Interpreting Your Explanation of Benefits (EOB)

Posted by Matt Schwartz on Mon, Sep 28, 2020 @ 09:09 AM

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After you see a doctor and receive your insurance statement, also called an Explanation of Benefits (EOB), trying to decipher the money you spent, the money you are due, and the money you owe can be very confusing.

Instead of tossing those EOBs in the trash each time they arrive, here are a few tips that can help you become more informed and more aware as a healthcare consumer: 

  1. The first section, from left to right, usually provides some basic information about what type of service was provided. 
  2. The billed charge is what your provider billed the insurance company. Think of this as the "retail price.”
  3. A provider discount, also known as a contractual or negotiated amount, is an agreement the insurance company has with the network, provider or hospital. Think of it as a volume deal that one business gives to another. It lowers the price to the actual level to be paid by you or your insurance.
  4. Some EOBs will have other sections (some show up as footnotes only) to detail non-covered amounts - such as a procedure that wasn't covered under your benefit plan. In addition, there may be a notation saying a patient has already met their deductible for the year.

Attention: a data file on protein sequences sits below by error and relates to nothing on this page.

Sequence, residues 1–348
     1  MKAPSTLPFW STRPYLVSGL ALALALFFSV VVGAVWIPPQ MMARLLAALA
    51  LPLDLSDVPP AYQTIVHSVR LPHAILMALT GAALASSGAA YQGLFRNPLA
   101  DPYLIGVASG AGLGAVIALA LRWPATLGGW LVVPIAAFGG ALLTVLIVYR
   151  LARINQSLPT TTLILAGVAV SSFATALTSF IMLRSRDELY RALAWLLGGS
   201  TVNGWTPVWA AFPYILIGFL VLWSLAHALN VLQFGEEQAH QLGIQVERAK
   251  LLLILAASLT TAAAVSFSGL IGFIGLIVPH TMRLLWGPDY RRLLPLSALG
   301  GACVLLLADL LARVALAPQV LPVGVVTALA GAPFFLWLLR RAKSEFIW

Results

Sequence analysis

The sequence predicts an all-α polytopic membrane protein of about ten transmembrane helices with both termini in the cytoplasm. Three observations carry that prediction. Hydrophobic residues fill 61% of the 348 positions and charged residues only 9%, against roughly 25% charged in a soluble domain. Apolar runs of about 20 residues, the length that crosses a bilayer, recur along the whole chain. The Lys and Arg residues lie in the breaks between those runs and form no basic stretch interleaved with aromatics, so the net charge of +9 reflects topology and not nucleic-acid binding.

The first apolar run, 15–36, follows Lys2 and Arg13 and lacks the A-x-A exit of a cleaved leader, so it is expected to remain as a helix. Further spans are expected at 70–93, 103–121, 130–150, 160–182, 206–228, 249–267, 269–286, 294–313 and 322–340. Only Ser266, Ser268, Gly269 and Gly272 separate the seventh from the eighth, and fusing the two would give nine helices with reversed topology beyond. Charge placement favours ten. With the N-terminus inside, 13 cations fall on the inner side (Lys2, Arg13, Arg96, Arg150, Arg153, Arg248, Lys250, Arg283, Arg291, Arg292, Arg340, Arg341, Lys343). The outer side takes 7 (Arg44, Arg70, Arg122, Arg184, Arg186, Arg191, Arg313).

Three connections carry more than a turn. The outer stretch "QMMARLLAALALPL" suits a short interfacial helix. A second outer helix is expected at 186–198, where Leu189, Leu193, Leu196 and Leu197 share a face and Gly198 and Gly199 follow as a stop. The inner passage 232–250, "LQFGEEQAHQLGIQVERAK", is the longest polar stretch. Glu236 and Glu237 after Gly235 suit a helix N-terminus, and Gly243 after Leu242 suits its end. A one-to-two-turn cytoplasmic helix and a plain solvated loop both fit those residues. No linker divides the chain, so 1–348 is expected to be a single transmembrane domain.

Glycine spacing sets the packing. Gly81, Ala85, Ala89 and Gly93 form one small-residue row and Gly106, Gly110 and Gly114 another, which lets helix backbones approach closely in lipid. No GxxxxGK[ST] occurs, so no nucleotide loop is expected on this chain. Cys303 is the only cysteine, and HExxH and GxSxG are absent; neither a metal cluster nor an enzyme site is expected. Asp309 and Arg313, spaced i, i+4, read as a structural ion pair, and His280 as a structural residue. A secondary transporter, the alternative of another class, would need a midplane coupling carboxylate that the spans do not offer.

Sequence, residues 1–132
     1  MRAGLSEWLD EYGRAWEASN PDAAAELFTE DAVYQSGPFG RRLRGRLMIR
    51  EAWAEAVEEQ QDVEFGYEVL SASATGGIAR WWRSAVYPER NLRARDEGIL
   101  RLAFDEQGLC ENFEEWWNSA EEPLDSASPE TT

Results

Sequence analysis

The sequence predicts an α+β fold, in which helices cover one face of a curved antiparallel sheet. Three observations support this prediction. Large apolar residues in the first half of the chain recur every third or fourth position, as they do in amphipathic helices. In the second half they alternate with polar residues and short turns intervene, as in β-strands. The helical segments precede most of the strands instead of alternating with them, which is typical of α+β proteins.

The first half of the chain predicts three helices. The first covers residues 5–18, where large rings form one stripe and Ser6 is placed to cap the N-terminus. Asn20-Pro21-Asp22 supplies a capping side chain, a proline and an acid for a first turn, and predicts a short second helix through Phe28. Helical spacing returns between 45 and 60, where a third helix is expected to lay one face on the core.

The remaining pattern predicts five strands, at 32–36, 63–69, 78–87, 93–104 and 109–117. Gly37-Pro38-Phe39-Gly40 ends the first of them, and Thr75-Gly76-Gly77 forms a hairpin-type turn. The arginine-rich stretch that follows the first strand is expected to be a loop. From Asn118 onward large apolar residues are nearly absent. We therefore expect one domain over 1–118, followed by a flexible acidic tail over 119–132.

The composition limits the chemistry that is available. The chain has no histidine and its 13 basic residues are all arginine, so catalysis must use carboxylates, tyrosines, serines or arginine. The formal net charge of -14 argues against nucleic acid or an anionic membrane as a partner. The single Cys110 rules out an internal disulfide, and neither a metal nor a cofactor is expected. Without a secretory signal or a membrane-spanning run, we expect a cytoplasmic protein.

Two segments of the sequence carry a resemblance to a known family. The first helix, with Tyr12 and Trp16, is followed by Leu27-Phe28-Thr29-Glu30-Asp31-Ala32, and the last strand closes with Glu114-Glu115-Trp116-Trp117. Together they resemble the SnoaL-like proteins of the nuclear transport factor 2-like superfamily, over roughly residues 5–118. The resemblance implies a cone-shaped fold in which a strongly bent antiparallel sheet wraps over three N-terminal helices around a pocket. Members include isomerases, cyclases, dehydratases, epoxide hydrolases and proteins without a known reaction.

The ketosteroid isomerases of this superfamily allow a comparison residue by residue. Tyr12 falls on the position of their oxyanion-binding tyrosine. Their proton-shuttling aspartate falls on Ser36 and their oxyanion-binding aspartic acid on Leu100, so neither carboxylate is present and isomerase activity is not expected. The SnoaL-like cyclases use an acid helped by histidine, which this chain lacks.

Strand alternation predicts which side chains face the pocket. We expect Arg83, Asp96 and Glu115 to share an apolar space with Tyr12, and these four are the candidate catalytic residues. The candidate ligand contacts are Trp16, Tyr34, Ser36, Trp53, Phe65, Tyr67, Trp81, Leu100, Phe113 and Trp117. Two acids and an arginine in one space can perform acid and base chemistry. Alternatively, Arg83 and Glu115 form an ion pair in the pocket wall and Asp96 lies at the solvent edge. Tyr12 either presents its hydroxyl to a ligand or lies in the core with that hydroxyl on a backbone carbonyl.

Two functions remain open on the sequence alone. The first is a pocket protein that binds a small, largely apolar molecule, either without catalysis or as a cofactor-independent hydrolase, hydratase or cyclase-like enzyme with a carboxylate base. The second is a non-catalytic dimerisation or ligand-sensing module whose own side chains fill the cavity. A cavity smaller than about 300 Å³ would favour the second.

5. The balance eligible (also can be called "amount remaining" or "payable charges”) is what remains for the insurance company to consider paying after other reductions have been applied. On some EOBs, this will come right after #2, with the other sections showing up merely as text footnotes.
  6. Then, the total amount the insurance company will pay the provider is listed, followed by the patient balance (your share). This amount should match the charge that you see on the bill from your provider.
  7. There are usually notes or comments on the form. This is where your plan may share reasons why charges were denied. There should be a corresponding legend to explain what the comments mean. 

This is a basic explanation of the various lines on a sample EOB in practical terms. Clearly, learning how your insurance works will benefit you greatly in the long run, perhaps helping you catch errors to save yourself money.

If Schwartz Insurance Group can provide assistance with this or any other benefits-related issue, feel free to contact us.  Many of our clients rely on us to help them navigate their EOBs.

Topics: Employee Benefits, Personal Insurance